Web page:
Journal of Emergencies, Trauma, and Shock
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Year : 2015  |  Volume : 8  |  Issue : 3  |  Page : 169
Penetrating injury from high-speed motor vehicle collision


Department of Orthopaedic Surgery, Warren Alpert Medical School of Brown University and Rhode Island Hospital, Rhode Island, USA

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Date of Submission15-Jan-2014
Date of Acceptance16-Jan-2014
Date of Web Publication13-Jul-2015
 

   Abstract 

We present the case history of a post motor vehicle crash victim with lower extremity fractures and decreased blood flow. Emergent Angipgraphy revealed a foreign body which was later operated and removed. The case emphasizes that High-speed motor vehicle accidents commonly lead to penetrating injury from objects within and outside of the vehicle.

Keywords: Motor vehicle accident, penetrating trauma, vascular injury

How to cite this article:
Daniels AH. Penetrating injury from high-speed motor vehicle collision. J Emerg Trauma Shock 2015;8:169

How to cite this URL:
Daniels AH. Penetrating injury from high-speed motor vehicle collision. J Emerg Trauma Shock [serial online] 2015 [cited 2019 Sep 23];8:169. Available from: http://www.onlinejets.org/text.asp?2015/8/3/169/160735



   Case History Top


A 25-year-old male was airlifted to our institution following a high-speed, head-on motor vehicle collision. He had open left patella and lateral femoral condyle fractures [Figure 1]a with a normal motor and sensory exam, but his foot was cool with sluggish capillary refill (>3 s) and no palpable pulses. He was emergently taken to the operating room for left lower extremity angiography. Angiogram revealed impaired blood flow through the popliteal artery with a foreign object partially occluding the artery [Figure 1]b. The foreign object was removed from the popliteal fossa and found to be a coin [Figure 1]c. The coin had acted as a projectile, passing through the femur [Figure 1]d and bending in half in the process. After coin removal, the patient's vascular exam returned to normal. High-speed motor vehicle accidents commonly lead to penetrating injury from objects within and outside of the vehicle.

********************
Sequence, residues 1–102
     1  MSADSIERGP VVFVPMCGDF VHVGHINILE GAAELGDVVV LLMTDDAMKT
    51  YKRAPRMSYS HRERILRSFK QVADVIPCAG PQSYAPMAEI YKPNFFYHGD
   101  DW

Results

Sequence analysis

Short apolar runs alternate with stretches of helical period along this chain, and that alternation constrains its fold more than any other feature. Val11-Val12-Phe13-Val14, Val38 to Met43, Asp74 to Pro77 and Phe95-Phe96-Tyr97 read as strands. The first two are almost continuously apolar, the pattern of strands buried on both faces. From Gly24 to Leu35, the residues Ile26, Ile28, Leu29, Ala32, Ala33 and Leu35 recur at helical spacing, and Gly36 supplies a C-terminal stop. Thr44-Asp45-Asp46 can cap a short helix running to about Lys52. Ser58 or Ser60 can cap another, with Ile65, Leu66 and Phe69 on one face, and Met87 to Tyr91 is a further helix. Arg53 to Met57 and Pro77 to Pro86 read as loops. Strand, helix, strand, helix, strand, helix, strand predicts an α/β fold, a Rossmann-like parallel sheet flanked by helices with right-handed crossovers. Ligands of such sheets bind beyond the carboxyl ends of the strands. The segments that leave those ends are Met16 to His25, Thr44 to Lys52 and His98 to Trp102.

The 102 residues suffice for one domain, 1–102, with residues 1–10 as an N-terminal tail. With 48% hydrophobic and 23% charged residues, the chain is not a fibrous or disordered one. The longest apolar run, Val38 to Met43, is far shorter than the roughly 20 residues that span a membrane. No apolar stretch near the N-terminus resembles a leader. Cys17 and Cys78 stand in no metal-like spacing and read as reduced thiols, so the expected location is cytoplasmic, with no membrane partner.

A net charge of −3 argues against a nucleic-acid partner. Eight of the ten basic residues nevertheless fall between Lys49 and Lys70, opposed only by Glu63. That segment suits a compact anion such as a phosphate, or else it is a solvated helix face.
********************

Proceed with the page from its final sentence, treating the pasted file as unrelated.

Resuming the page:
Figure 1: (a) Anteroposterior radiograph of left knee revealing fractures of the patella and lateral femoral condyle (b) Angiogram revealing foreign object on popliteal artery causing impaired blood flow (c) Coin (dime) which acted as a projectile causing fractures of the patella and femoral condyle, and was folded in half due to the forces of the contact with the bone (d) Bone void in lateral femoral condyle due to the path of the coin travelling through the bone

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Correspondence Address:
Alan H Daniels
Department of Orthopaedic Surgery, Warren Alpert Medical School of Brown University and Rhode Island Hospital, Rhode Island
USA
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Source of Support: None, Conflict of Interest: None


DOI: 10.4103/0974-2700.160735

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